Berry Gordy

Birth Name
Berry Gordy III
Date of Birth
28 November 1929
Birth Town
Detroit, Michigan, United States of America

An American record producer, songwriter, record executive, film producer, and television producer, who is professionally known as Berry Gordy Jr. He was popularly known as the founder of the Motown record label and its subsidiaries which was the most prominent African American business in the United States at the time.

National Inheritance

The son of Bertha and Berry Gordy II, both successful business owners and entrepreneurs of their time. Being one of eight children in the family who would of had disposable income, although information is limited we can assume Gordy Jr childhood and living was poverty free but certainly a breeding ground and freedom in developing his entrepreneurial skills with both parents as examples to follow. Gordy Jr as a schoolboy appeared to show an exploring phase as he attempts to find his purpose or identify future prospects. In doing so he dropped out of high school to pursue a featherweight professional boxing career, before moving onto joining the US Army where he served in the Korean War from 1951 through till 1953.

Returning to Detroit where he opened his record company at this point Motown was founded. Gordy was at the peak of black music in Detroit, and he had already discovered Smokey Robinson. In the early 1960s, Motown records produced many hit songs including Martha and the Vandellas’ “Dancing in the street” And “My girl” by the Temptations. During this period Gordy also developed Motown’s first super active, The Supremes which later turned out to become one of the most successful female singing groups of all time.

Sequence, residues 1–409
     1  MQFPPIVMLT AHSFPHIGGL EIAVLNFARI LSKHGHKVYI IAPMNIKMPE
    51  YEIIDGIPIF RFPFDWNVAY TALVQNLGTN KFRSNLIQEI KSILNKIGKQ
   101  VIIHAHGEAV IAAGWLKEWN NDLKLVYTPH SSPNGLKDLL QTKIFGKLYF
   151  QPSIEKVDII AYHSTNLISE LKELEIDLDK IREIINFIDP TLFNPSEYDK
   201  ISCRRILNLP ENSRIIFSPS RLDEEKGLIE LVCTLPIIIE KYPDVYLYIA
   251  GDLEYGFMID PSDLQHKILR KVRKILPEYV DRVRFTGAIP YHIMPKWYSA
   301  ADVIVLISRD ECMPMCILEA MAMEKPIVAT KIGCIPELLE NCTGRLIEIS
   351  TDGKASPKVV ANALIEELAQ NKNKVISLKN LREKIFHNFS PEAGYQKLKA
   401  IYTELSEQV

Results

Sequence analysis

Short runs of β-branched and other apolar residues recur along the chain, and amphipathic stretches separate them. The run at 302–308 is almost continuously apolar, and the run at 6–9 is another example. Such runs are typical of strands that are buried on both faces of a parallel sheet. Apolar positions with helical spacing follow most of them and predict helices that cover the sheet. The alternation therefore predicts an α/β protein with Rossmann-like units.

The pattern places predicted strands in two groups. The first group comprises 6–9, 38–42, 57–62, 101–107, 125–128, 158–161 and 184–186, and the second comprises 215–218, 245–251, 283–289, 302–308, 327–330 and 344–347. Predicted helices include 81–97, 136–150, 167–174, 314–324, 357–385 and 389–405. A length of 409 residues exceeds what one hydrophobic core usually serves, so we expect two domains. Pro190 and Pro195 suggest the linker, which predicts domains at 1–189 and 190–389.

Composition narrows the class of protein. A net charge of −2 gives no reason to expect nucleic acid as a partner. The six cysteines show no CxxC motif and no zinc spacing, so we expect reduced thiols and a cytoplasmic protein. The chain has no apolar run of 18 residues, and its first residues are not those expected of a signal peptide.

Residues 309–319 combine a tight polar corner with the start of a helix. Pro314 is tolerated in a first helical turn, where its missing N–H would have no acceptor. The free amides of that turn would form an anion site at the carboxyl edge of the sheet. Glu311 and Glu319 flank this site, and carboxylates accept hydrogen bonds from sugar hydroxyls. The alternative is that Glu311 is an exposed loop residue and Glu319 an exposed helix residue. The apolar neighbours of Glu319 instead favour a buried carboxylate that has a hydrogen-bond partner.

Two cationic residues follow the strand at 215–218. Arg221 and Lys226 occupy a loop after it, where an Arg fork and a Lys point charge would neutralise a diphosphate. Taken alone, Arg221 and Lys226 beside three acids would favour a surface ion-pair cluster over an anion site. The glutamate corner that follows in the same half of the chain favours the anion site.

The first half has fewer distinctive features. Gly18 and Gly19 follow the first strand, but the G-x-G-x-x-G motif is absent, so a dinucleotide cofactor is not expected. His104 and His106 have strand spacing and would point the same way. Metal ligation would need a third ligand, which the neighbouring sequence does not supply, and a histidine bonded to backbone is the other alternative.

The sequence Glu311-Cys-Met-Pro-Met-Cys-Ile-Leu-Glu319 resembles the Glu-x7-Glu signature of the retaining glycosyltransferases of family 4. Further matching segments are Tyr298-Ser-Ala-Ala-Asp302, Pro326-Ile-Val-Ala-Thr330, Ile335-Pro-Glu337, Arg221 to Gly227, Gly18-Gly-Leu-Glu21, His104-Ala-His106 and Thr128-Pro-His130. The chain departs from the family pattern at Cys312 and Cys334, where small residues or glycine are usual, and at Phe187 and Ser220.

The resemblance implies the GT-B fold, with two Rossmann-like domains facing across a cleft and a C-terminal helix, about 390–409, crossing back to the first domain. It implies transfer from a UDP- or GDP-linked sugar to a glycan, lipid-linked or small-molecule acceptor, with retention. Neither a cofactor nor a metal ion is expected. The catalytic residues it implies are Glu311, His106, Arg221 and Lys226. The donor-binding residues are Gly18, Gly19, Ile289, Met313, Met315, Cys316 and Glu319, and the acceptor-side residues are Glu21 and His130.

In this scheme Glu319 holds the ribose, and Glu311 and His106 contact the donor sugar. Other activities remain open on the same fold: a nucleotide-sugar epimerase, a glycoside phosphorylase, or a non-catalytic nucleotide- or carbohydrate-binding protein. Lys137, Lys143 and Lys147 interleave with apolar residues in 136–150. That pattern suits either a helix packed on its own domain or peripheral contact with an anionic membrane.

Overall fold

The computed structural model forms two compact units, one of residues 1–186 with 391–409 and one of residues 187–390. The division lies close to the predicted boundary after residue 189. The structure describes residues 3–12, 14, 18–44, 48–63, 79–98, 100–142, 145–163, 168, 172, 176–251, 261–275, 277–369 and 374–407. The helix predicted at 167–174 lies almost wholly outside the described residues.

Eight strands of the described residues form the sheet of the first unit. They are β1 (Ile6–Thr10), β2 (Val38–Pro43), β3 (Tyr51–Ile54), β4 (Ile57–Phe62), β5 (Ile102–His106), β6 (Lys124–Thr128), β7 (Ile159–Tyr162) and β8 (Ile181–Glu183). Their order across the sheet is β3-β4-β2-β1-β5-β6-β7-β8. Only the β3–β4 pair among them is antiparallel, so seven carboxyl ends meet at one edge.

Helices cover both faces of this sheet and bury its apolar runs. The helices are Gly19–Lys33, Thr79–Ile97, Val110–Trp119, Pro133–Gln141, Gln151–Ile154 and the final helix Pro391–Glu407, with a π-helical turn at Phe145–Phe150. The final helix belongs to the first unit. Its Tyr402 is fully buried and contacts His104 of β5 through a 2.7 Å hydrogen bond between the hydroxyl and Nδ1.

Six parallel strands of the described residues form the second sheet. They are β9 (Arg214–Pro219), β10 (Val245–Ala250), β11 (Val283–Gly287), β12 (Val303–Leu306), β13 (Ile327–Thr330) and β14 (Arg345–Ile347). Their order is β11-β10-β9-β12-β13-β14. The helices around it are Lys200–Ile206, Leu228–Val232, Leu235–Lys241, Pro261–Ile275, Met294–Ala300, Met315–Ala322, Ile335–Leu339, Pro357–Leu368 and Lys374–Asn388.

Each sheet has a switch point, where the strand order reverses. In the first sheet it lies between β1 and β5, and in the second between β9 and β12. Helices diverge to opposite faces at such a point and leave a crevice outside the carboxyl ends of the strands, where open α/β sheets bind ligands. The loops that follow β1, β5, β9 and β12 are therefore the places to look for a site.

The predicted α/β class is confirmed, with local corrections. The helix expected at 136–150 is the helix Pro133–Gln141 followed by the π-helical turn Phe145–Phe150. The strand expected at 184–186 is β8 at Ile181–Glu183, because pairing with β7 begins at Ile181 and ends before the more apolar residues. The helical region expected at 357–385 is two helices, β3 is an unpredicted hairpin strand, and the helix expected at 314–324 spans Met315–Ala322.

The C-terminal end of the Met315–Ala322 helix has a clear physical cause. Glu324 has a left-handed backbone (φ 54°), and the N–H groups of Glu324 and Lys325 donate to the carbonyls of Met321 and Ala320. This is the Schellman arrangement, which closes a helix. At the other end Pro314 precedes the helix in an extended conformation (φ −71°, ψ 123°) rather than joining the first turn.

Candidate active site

Through his record corporation Motown he developed most of the great R&B musicians of the 1960s and through the 70s. Some great names like The Supremes, Diana Ross, The Miracles, Marvin Gaye, Smokey Robinson, The Jackson five, The Temptations, Stevie Wonder, Michael Jackson and more.

Gordy relocated Motown to Hollywood in the early 1970s  where he started producing films like Lady Sings the Blues which was screened in 1972. It featured Diana Ross in her film debut as Billie Holiday and towards the mid 1980s the business made over $100 million in revenue, with Motown releasing over 50 number one hits on the Billboard pop charts. Facing growing competition, he sold Motown in 1988, after which he wrote a book for Motown: The Musical. The book premiered on Broadway in 2013.

Berry Gordy received a lifetime honorary achievement at the AMA (American Music Awards) in 1975, and was inducted into the Rock and Roll Hall of Fame on 1988, he also received the President’s Merit Award in 2008 from the Recording Academy and received a National Medal of Arts award in 2016.

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